There are times when you may want to use Excel to view and interact with a dataset that you have Power BI for quick stretching of data slice and dice. Few people feel comfortable with excel PivotTable and PivotCharts, so by using Analyze in Excel, you can do just that, and access PivotTable, chart, and slicer features in Excel based on the dataset that exists in Power BI.
Supported Version and Requirements:
- This feature support’s MS Excel 2010 SP1 and Later version.
- Excel PivotTables do not support drag-and-drop aggregation of numeric fields. Your dataset in Power BI must have pre-defined measures.
1. Go to Power BI Workspaces and then go to datasets.
When you select Analyze in Excel from the menu (…) associated with a dataset or report in Power BI, Power BI creates an .ODC file and downloads it from the browser to your computer.
When you open the file in Excel, an empty PivotTable and Fields list appears with the tables, fields, and measures from the Power BI dataset. You can create PivotTables, charts, and analyze that dataset just as you would work with a local dataset in Excel. Dataset should have a pre-defined measures.
The .ODC file has an MSOLAP connection string that connects to your dataset in Power BI. When you analyze or work with the data, Excel queries that dataset in Power BI and returns the results to Excel. If that dataset connects to a live data source using DirectQuery, Power BI queries the data source and returns the result to Excel.
Analyze in Excel is very useful for datasets and reports that connect to Analysis Services Tabular or Multidimensional databases (because it provides a live connection to MSOLAP), or from Power BI Desktop files or Excel workbooks with data models that have model measures created using Data Analysis Expressions (DAX).
2. Open ODC file in Excel. Enable the security warning to access the dataset.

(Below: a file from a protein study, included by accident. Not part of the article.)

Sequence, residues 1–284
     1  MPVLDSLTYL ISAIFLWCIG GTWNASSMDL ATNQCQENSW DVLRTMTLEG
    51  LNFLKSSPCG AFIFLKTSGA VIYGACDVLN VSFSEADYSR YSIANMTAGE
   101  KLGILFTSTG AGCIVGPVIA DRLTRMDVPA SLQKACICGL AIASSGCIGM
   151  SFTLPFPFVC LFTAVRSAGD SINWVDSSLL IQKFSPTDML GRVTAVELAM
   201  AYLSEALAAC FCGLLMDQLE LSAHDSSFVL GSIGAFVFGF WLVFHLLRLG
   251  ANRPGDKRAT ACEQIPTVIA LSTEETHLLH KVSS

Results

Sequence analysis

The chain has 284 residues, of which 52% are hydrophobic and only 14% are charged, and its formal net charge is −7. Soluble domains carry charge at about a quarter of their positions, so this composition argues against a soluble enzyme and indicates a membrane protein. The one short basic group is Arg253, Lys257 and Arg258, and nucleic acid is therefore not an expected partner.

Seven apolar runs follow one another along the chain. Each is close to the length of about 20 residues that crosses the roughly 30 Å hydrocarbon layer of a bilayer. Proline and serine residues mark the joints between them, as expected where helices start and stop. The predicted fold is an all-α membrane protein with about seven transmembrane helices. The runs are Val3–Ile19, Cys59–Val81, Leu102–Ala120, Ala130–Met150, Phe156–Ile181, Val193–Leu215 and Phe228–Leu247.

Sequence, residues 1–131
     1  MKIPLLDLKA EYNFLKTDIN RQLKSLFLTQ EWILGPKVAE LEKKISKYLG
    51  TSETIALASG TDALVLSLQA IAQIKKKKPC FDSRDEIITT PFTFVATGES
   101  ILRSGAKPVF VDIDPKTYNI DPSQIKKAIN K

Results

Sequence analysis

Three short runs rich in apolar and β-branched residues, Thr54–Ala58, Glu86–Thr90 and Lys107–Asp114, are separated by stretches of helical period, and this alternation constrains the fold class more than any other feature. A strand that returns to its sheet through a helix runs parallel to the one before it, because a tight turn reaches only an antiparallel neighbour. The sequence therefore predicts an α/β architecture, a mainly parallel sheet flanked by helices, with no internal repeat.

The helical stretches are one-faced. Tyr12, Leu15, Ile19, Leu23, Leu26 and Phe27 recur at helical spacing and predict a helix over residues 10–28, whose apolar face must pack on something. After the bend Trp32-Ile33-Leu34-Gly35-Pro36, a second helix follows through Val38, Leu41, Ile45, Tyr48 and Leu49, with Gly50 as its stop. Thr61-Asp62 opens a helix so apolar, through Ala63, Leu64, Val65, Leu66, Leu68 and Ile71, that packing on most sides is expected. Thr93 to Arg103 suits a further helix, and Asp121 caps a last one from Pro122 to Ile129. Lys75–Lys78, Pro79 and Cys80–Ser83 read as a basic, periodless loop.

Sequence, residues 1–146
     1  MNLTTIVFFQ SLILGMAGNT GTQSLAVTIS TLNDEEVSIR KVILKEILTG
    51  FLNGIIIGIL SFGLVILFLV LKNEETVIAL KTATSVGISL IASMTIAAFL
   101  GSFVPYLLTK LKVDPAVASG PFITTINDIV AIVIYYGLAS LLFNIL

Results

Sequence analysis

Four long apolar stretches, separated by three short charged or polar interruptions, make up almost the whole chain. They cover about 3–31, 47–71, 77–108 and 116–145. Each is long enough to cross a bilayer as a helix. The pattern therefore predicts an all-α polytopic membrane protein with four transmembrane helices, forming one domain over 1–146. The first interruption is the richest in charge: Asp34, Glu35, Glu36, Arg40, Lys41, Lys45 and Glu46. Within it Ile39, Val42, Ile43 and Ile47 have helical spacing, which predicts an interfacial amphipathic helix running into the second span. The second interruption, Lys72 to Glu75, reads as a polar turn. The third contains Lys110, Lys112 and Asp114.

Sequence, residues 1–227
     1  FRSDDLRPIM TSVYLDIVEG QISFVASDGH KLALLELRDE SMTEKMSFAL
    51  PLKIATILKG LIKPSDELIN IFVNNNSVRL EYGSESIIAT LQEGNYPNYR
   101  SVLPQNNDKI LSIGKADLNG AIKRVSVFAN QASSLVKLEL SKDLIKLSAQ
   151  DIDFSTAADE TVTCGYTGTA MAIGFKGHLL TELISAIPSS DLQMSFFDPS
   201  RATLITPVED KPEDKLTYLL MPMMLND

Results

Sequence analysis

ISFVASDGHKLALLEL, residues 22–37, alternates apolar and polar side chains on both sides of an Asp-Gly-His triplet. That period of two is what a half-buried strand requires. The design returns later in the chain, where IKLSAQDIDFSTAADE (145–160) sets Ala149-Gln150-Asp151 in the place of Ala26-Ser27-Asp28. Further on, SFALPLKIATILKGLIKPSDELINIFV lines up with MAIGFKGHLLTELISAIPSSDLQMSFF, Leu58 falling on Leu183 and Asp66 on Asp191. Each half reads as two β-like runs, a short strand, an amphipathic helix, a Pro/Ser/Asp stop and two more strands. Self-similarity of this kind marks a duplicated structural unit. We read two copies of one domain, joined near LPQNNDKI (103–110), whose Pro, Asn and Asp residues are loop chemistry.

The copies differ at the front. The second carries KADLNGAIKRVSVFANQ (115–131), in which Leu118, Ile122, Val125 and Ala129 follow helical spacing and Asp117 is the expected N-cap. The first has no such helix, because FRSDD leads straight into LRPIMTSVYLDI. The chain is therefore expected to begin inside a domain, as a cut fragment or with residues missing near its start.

Note: Administrators for Power BI tenants can use the Power BI Admin Portal to disable the use of Analyze in Excel with on-premises datasets housed in Analysis Services (AS) databases. When that option is disabled, Analyze in Excel is disabled for AS databases, but continues to be available for use with other datasets. This is additional feature that provide security feature to your dataset.
Now that Excel has opened and you have an empty PivotTable, you’re ready to do all sorts of analysis with your Power BI dataset. Just as with other local workbooks, with Analyze with Excel you can create PivotTables, charts, add data from other sources, and so on. And of course, you can create different worksheets with all sorts of views into your data.
Easy to Share:
Once your workbook is saved, you can share it with other in your organization. When a user with whom you’ve shared your workbook opens the workbook, they’ll see your PivotTables and data as they appeared when the workbook was last saved, which may not be the latest version of the data. To get the latest data, users must use the Refresh button on the Data ribbon. And since the workbook is connecting to a dataset in Power BI, users attempting to refresh the workbook must sign into Power BI and install the Excel updates the first time they attempt to update using this method.
Since users will need to refresh the dataset, and refresh for external connections is not supported in Excel Online, it’s recommended that users open the workbook in the desktop version of Excel on their computer.